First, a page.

Wednesday, June 1, 2011
Gay Days: Las Vegas here we come!
By Sara K. Clarke via: Orlando Sentinel
Throngs of gay and lesbian tourists arrive in Orlando next week for their annual Gay Days celebration at Walt Disney World's Magic Kingdom, but starting next year, those travelers will have a second option come summer's end: Las Vegas.
The organizers of Orlando's Gay Days said this week they're expanding and will host a Gay Days Las Vegas starting in September 2012. The event is designed to complement the annual expo and party in Orlando.
"When we decided to start researching Vegas, … the feedback was just tremendous," said Chris Alexander-Manley, president of Gay Days Inc., who noted the expansion will coincide with Gay Days 21st anniversary. "We say, 'We're 21, we're legal, we're going to Las Vegas.'"
Gay Days, based in Gotha, started in 1991 when about 3,000 members of the gay community wearing red gathered at the Magic Kingdom on a Saturday in June. This year, the group is expecting 160,000 people to attend what has grown into a weeklong series of events that includes theme-parks visits, pool parties and a travel-retail exposition.
"Gay Days has done a phenomenal job of putting Orlando on the gay map," said Thomas Roth, president of Community Marketing Inc., a San Francisco market-research company. "It's really the main catalyst for gays and lesbians to travel to Orlando at all."
Starting next year, Gay Days Inc. is hoping to replicate that experience at the Rio Las Vegas Hotel & Casino, where it has signed a three-year contract.
Las Vegas is a natural extension of the Orlando event, according to Roth. It's already No. 2 on the list of most-visited leisure destinations for gay and lesbian travelers, tied with San Francisco. Orlando, not known for courting the gay-travel market, ranks ninth, according to the 15th Annual Gay & Lesbian Tourism Study by Community Marketing Inc.
Despite the glittering lights and over-the-top entertainment for which Las Vegas is famous, Gay Days organizers don't appear worried about cannibalizing their Orlando event. Instead, they expect the new gathering to appeal to those who haven't been interested in experiencing Central Florida's theme parks.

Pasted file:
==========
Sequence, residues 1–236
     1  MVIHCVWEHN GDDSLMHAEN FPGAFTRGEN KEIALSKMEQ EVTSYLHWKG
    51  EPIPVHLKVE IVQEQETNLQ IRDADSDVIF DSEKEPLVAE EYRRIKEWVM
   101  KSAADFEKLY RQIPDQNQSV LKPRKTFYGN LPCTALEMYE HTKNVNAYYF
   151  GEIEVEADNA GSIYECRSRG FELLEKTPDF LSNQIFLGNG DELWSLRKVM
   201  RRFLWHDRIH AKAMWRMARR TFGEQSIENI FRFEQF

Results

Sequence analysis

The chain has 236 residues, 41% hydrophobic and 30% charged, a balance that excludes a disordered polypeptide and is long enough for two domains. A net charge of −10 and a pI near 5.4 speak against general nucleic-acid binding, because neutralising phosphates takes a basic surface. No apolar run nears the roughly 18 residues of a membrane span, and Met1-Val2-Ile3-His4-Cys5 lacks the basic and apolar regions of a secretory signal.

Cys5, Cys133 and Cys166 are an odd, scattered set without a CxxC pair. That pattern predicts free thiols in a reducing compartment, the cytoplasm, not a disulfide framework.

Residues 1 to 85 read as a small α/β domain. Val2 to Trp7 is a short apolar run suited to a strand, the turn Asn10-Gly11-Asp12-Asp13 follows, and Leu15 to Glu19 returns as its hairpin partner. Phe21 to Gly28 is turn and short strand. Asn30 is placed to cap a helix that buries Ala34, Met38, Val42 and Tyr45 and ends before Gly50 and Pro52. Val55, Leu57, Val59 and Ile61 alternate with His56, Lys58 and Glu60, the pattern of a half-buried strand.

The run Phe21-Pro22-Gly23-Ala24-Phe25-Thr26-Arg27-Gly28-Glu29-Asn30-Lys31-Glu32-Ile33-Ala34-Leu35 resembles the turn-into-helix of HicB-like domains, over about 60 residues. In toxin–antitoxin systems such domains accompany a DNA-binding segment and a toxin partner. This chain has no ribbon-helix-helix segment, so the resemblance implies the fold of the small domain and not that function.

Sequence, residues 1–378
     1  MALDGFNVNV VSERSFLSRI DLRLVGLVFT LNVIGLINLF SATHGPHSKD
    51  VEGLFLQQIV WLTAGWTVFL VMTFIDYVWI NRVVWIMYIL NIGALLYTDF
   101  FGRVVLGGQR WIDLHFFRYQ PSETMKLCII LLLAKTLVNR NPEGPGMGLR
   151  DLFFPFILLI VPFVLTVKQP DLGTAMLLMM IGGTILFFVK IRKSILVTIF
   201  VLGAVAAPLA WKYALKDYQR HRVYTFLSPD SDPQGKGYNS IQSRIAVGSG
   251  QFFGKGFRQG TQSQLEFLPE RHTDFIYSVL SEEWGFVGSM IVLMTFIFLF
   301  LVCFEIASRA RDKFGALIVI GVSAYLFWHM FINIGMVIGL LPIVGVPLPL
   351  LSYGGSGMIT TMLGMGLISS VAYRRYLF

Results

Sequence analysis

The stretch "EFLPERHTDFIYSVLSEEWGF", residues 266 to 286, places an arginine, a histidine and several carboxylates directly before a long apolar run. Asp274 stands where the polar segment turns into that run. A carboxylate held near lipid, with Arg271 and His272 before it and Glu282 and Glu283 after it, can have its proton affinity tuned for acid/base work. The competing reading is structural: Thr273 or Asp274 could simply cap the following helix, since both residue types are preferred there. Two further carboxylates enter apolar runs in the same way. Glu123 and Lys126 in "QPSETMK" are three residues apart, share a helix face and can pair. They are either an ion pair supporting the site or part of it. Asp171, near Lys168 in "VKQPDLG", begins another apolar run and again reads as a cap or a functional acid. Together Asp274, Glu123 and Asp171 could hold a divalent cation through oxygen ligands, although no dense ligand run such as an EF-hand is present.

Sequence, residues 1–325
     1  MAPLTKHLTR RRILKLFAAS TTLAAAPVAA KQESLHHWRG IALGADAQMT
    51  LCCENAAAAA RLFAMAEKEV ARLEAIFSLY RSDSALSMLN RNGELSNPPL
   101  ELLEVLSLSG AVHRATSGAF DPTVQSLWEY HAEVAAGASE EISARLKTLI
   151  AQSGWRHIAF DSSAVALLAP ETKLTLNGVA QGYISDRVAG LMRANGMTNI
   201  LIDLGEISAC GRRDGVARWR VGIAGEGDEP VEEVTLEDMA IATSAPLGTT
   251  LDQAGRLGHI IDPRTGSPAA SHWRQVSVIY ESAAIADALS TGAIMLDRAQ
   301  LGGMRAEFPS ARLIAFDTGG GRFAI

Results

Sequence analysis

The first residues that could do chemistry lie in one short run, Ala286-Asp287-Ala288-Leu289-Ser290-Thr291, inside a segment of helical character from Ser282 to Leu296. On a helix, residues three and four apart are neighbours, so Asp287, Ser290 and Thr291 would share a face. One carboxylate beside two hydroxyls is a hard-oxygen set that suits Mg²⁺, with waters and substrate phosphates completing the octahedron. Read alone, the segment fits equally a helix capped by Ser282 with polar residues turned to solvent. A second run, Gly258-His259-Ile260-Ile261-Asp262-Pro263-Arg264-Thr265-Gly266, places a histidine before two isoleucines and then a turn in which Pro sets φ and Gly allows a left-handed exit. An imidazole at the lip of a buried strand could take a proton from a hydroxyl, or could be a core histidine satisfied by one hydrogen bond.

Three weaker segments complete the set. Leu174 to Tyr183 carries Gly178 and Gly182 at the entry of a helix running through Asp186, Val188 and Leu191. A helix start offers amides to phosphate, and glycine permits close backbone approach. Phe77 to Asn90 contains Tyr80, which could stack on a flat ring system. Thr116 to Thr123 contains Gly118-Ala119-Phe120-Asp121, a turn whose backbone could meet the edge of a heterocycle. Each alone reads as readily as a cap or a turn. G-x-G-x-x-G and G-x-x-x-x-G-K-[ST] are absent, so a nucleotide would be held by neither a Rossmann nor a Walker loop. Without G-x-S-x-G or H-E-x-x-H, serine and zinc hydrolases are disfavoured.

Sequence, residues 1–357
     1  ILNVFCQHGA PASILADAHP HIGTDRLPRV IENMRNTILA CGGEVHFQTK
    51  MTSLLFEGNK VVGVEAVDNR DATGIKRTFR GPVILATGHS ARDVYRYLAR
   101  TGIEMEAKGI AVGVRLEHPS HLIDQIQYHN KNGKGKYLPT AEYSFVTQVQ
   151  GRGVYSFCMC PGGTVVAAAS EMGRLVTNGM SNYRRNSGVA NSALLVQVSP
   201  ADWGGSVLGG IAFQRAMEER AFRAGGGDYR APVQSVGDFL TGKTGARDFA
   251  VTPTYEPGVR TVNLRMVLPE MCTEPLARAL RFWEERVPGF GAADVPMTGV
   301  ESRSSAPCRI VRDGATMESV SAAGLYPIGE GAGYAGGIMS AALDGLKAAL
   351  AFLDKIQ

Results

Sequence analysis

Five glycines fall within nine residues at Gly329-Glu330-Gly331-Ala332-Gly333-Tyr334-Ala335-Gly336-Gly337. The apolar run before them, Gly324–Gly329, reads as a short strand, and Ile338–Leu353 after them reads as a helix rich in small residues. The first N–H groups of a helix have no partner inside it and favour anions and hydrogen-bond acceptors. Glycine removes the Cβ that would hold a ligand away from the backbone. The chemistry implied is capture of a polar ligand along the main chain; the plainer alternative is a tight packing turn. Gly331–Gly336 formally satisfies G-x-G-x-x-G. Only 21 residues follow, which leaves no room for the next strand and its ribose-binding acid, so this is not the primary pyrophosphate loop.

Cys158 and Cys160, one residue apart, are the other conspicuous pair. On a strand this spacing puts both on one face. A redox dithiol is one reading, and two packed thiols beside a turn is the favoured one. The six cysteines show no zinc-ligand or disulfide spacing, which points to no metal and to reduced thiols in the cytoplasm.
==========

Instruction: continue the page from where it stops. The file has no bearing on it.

"Those that have never come to Gay Days Orlando because the attractions are not a draw for them, now they have adult entertainment," Alexander-Manley said.
Roth agrees, saying the Las Vegas event is a way to expose more people to Gay Days generally.
"We are such frequent travelers, and events are often a reason for why we travel," Roth said. "All they're doing is expanding the market, and not taking smaller slices out of the same pie."
For now, Orlando retains its Gay Days monopoly. Organizers expect attendance overall to be up by about 10,000 people compared with a year ago. June 4 is scheduled as the day participants will converge on the Magic Kingdom.
The event also has gained a well-known sponsor: Cirque du Soleil, the performing-arts group behind the show La Nouba in Downtown Disney. The company, which also has multiple shows in Las Vegas, joins attractions such as Blue Man Group and SeaWorld's Discovery Cove in signing on as event partners in recent years, after Orlando's mainstream tourist industry had long shied away from formally acknowledging the event.
Gay Days is also marking its second year at a new location on International Drive. Historically based at hotels near Walt Disney World, the convention moved last year to the DoubleTree by Hilton Orlando at SeaWorld for more room and a more central location, Alexander-Manley said.
"We had sold out our expo eight years in a row, so we needed more space for vendors," he said. "It's more centrally located. … I think that's helped our numbers grow."